Transforming ideas into action – Understanding the Multi-Dimensional Poverty Index

Mar 26, 2018

While poverty has traditionally been measured in terms of income – now classified by the World Bank as living on less than $1.90 a day – the Sustainable Development Goals define poverty as having multiple forms, with a target to reduce at least by half the proportion of men, women and children of all ages living in poverty in all its dimensions by 2030.

The Global Multidimensional Poverty Index (MPI) developed by the Oxford Poverty and Human Development Initiative (OPHI) and first released by the United Nations Development Program (UNDP) in the 2010 Human Development Report, provides a composite measure that can capture multiple forms of aspects of poverty. It is a robust measure for policy analysis, dialogue, and development monitoring. As a result, many countries are developing National MPIs, which are adapted to reflect their specific poverty priorities.

In the understanding that each country is different, the MPI can be tailored to the local context using country-specific data and indicators to provide a better understanding of country-level poverty. The governments of Colombia, Mexico, Bhutan, Chile, El Salvador, Costa Rica, Honduras, Ecuador, Armenia, Mozambique, Panama, Nepal and the Dominican Republic, among others, have implemented and included nationally adapted multidimensional measures of poverty in their long-term social development strategies.

The Government of Pakistan, with technical support from Oxford Poverty and Human Development Initiative (OPHI) and United Nations Development Program (UNDP), also developed a nationally representative Multidimensional Poverty Index, composed of education, health, and living standards, and found 38.8% of the population to be multidimensionally poor. The Report released in 2016 provides an analytical tool to identify the most vulnerable people, show aspects in which they are deprived and, consequently, to target resources and design policies more efficiently. As MPI measures outcomes directly, it immediately reflects changes in indicators such as school attendance, whereas it can take time for this to affect income, thus may show results of effective policy interventions quickly.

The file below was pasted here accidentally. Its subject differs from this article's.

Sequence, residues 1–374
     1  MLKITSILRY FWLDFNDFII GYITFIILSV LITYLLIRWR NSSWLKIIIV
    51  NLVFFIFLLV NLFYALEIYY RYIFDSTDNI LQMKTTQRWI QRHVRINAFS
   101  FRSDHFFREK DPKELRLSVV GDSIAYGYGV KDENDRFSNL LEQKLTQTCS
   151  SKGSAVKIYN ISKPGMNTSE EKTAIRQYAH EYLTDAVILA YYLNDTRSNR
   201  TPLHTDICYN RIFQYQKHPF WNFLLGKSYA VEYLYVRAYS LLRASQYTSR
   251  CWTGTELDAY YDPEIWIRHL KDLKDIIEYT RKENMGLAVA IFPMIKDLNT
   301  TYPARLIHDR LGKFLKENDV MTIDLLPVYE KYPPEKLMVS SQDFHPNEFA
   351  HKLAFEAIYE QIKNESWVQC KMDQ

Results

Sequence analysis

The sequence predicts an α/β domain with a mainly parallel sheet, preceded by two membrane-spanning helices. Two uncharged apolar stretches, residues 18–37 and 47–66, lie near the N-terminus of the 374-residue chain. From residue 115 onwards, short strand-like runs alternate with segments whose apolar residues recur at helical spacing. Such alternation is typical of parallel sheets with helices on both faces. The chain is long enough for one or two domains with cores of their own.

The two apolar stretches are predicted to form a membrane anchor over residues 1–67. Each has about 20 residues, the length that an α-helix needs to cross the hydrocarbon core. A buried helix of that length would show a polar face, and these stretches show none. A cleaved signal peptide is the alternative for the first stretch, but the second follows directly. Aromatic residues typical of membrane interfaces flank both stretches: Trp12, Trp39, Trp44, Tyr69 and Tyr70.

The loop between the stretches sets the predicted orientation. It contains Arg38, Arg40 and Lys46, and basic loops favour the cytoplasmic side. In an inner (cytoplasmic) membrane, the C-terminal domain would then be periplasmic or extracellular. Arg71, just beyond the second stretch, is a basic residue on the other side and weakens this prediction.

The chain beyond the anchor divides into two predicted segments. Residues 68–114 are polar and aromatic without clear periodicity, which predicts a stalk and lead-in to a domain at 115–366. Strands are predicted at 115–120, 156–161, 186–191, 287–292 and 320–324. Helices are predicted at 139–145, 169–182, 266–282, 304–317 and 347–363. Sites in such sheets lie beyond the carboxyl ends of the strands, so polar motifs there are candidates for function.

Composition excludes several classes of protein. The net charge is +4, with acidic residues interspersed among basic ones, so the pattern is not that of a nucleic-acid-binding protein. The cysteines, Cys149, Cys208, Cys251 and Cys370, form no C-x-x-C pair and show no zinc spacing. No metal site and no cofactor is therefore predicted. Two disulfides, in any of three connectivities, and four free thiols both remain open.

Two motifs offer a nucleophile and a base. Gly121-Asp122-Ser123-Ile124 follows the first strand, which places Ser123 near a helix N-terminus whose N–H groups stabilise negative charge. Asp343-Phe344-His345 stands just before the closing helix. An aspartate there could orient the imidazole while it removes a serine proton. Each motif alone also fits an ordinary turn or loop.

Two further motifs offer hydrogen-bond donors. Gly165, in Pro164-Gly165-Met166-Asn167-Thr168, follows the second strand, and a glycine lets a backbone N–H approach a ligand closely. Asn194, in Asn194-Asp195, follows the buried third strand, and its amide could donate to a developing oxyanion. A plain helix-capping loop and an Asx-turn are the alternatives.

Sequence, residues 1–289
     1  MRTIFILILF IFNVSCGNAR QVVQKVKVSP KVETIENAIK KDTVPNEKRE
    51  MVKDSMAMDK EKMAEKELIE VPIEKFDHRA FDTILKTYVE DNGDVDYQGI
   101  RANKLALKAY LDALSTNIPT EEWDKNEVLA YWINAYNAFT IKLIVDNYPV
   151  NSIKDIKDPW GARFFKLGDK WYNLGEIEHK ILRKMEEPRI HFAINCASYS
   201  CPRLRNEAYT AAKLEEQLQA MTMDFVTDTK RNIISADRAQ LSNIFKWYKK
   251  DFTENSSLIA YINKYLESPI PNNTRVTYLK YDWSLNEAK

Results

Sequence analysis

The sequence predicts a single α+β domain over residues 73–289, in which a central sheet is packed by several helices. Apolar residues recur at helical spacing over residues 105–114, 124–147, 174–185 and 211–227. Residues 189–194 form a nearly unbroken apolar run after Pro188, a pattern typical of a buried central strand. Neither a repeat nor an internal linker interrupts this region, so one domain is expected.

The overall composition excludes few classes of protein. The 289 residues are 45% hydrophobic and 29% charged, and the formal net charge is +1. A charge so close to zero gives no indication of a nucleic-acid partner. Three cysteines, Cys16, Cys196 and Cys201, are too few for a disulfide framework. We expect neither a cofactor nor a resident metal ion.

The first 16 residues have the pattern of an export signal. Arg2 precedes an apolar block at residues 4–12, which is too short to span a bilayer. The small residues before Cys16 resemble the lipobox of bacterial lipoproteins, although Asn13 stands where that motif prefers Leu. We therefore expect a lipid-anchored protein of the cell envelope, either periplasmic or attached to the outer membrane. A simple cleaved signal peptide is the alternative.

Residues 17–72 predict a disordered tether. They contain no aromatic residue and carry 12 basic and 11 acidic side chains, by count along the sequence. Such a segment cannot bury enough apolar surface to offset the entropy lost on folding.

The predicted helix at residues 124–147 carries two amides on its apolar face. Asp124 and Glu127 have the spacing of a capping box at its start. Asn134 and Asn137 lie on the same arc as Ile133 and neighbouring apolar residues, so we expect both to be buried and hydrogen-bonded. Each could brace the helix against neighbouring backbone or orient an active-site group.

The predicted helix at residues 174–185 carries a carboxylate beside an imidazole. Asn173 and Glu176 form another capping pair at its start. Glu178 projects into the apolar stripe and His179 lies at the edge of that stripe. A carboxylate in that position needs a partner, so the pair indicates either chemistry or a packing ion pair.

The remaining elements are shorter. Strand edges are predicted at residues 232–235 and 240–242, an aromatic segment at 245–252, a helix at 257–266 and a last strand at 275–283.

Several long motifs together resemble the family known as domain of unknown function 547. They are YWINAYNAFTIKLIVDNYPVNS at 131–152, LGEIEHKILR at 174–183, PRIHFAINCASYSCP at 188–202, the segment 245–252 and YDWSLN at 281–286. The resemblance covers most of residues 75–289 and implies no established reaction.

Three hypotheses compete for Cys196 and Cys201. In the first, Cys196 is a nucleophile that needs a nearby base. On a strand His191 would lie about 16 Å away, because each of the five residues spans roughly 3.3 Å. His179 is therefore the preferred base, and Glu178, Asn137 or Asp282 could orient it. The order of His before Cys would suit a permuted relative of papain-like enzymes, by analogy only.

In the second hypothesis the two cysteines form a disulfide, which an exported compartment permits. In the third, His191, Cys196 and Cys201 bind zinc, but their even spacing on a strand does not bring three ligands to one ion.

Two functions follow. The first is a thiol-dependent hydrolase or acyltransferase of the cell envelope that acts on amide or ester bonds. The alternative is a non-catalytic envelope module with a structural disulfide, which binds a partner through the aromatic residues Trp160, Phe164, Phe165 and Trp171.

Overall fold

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To support continued research in the field of multidimensional poverty for improved policy making, UNDP has organized a training session on the MPI in collaboration with the Ministry of Planning Development and Reforms (MoPDR) and Pakistan Bureau of Statistics (PBS). The five-day training is being delivered by Oxford Poverty and Human Development Initiative (OPHI) to a group of participants from relevant ministries, provincial and regional line departments including Bureau of Statistics, UN Agencies, and selected public universities. Its purpose is to develop a critical mass of human capital that will support Ministry of Planning, Development & Reform in producing MPI estimates with updated data and through additional research in the field, improve policy design, allocate resources more efficiently, identify interconnections among deprivations, monitor the effectiveness of policies over time and target poor people as beneficiaries of targeted programs.

The opening ceremony of the training was attended by Mr. Syed Tariq Jaffri, Joint Secretary, Ministry of Planning, Development & Reform, Dr. Sajjad Akhtar, Chief Statistician, Pakistan Bureau of Statistics and Mr. Ignacio Artaza, Country Director, UNDP. Dr. Sajjad Akhtar referred to the MPI as a “barometer for structural reforms,” emphasizing on its importance to measure the effectiveness of reforms in the sectors of education, health, and others. The Joint Secretary, MoPDR also stressed upon the usefulness of MPI to measure the extent and depth of poverty and inequality in the country, while Mr. Ignacio Artaza referred to its importance for measuring progress on the Sustainable Development Goals, especially with relevance to Goal 1 – No Poverty.

The aim of the MPI training course is to provide a conceptual and technical introduction to multidimensional poverty measurement with a strong emphasis on the Alkire Foster methodology. The discussion will revolve around the implementation and use of multifaceted measures for policy purposes. The first day of the training course will generate a policy dialogue around multidimensional poverty while the remaining four days will be used for a technical session on multifaceted poverty applying the Alkire-Foster methodology in working groups.

 

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